A lot of things make us proud of this frozen tundra. Canada’s drunk driving record is not one of them.
As Canada prepares to legalize the recreational use of marijuana, public safety advocates are concerned about how the changes will impact impaired driving across the country.
And if the country’s record on drunk driving is anything to go by, the worry is legitimate, as Canada stands as one of the worst offenders when it comes to traffic deaths involving alcohol among high-income countries.
According to a report from the World Health Organization, Canada is an international laggard when it comes to curbing drunk driving, with 34 per cent of its road traffic deaths involving alcohol, enough to put Canada in second place among WHO-listed countries. Only Uruguay was found to have a higher rate at 38 per cent of deaths involving alcohol, whereas the United States came in at 31 per cent and the United Kingdom at 17 per cent.
Drunk driving statistics Canada
MADD Canada estimates that every year some 1,250 to 1,500 people are killed and more than 63,000 are injured each year, but they throw in boats, trains and planes and note that Transport Canada reports a lower number.
“We have a terrible record in terms of impaired driving,” said Robert Solomon, professor of law at the University of Western Ontario and legal policy director for Mothers Against Drunk Driving (MADD), to Postmedia.
Solomon spoke earlier this year as the federal government considers ramping up regulations against drunk driving, including lowering the blood alcohol limit from .08 to .05 and allowing for random roadside breathalyzer testing (also called mandatory screening) by police.
MADD supports the federal initiatives, arguing that the current law, which holds that police may only demand a roadside breath sample if they have reasonable grounds to suspect that the driver has been drinking, doesn’t serve as a meaningful deterrent.
“The problem is that people don’t always exhibit obvious signs of intoxication, particularly those who routinely drink and drive. As a result, the majority of drinking drivers go undetected at sobriety checkpoints,” reads a recent MADD press release.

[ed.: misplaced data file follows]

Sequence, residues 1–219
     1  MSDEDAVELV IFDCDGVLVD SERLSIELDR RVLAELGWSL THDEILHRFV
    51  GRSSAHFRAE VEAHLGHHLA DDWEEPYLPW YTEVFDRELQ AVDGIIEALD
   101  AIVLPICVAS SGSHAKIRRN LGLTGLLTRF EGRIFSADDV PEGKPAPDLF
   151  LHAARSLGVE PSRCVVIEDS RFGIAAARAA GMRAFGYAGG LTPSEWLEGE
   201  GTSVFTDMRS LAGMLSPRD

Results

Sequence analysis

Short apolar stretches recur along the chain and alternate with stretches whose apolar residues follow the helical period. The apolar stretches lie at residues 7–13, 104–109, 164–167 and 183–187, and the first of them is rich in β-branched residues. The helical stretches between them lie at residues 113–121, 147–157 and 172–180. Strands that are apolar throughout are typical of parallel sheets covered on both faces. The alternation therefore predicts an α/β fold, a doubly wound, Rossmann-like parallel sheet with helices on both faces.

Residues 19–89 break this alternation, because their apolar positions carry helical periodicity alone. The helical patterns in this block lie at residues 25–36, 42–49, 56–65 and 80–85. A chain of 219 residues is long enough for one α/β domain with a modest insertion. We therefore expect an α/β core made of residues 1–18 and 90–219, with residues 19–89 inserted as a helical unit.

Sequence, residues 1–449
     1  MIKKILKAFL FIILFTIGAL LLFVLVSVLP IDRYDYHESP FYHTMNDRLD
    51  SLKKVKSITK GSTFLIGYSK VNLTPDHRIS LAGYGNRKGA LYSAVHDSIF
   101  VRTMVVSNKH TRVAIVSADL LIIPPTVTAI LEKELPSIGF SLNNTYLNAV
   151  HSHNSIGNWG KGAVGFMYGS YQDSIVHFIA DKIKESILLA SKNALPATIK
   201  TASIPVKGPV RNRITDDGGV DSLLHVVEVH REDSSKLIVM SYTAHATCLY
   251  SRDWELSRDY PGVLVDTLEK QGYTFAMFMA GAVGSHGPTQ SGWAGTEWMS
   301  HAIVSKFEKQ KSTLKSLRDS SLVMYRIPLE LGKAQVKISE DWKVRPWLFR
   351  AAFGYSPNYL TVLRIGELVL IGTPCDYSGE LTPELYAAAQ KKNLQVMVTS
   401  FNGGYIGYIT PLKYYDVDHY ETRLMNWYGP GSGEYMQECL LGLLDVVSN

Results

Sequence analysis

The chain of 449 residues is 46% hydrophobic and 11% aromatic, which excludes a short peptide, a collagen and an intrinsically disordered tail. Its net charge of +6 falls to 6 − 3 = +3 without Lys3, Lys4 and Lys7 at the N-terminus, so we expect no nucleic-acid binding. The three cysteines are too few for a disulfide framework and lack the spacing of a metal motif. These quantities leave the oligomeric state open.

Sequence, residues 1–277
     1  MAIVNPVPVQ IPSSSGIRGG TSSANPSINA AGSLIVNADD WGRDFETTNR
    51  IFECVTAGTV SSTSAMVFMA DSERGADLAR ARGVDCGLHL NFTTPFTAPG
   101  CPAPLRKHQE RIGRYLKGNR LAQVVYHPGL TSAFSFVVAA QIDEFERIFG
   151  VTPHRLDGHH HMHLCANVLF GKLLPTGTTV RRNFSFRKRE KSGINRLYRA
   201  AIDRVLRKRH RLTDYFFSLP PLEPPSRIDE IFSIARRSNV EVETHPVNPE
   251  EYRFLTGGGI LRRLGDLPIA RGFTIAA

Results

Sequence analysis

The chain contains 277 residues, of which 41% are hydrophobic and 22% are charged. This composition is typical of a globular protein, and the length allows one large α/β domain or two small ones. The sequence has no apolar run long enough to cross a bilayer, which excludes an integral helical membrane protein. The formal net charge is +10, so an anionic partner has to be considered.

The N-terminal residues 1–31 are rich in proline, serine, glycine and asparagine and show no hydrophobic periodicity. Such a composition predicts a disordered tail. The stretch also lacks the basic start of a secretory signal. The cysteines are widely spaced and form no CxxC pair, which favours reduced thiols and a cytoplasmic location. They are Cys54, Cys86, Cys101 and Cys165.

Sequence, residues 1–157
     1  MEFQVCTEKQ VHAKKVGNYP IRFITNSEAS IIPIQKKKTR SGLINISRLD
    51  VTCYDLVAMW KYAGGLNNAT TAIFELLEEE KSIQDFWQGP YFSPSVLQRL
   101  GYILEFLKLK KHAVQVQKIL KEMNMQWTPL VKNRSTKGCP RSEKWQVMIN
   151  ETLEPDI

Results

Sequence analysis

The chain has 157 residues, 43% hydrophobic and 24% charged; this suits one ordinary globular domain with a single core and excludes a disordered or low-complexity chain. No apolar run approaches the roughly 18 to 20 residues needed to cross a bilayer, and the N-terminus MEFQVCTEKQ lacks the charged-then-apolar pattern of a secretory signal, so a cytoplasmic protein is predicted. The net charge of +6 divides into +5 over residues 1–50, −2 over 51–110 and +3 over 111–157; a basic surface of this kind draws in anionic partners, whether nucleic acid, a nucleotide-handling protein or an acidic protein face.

“In fact, data indicates a person would have to drive impaired, on average, once a week, every week, for more than 3 years before being charged with impaired driving offence, and for more than 6 years before being convicted,” MADD says.
In April 2017, the federal government introduced Bill C-46, which along with the marijuana legislation Bill C-45 is currently awaiting a reading in the Senate in January.
Yet, some civic advocates see the proposed changes surrounding impaired driving to be contrary to personal freedoms guaranteed under the Charter of Rights.
Ottawa criminal lawyer Michael Spratt claims that the changes would shift the burden of proof from law enforcement onto to the accused.
“One of the things the accused actually has to do (according to) the legislation to prove their innocence is they have to call a toxicologist to testify about what they drank, when they drank it, and make sure the readings sort of match up with the drinking pattern,” Spratt said, to CTV News.
Impaired driving has been on a steady decline over the past three decades, with Statistics Canada reporting 72,039 impaired driving accidents in 2015. That amounts to 201 incidents per 100,000 population, which marks a 30-year low.
At the same time, Solomon points out that while people in Germany consume 33 per cent more alcohol per capita than Canadians do, their alcohol-related crash rates are five times less smaller than ours.
“We can do better,” says Solomon.
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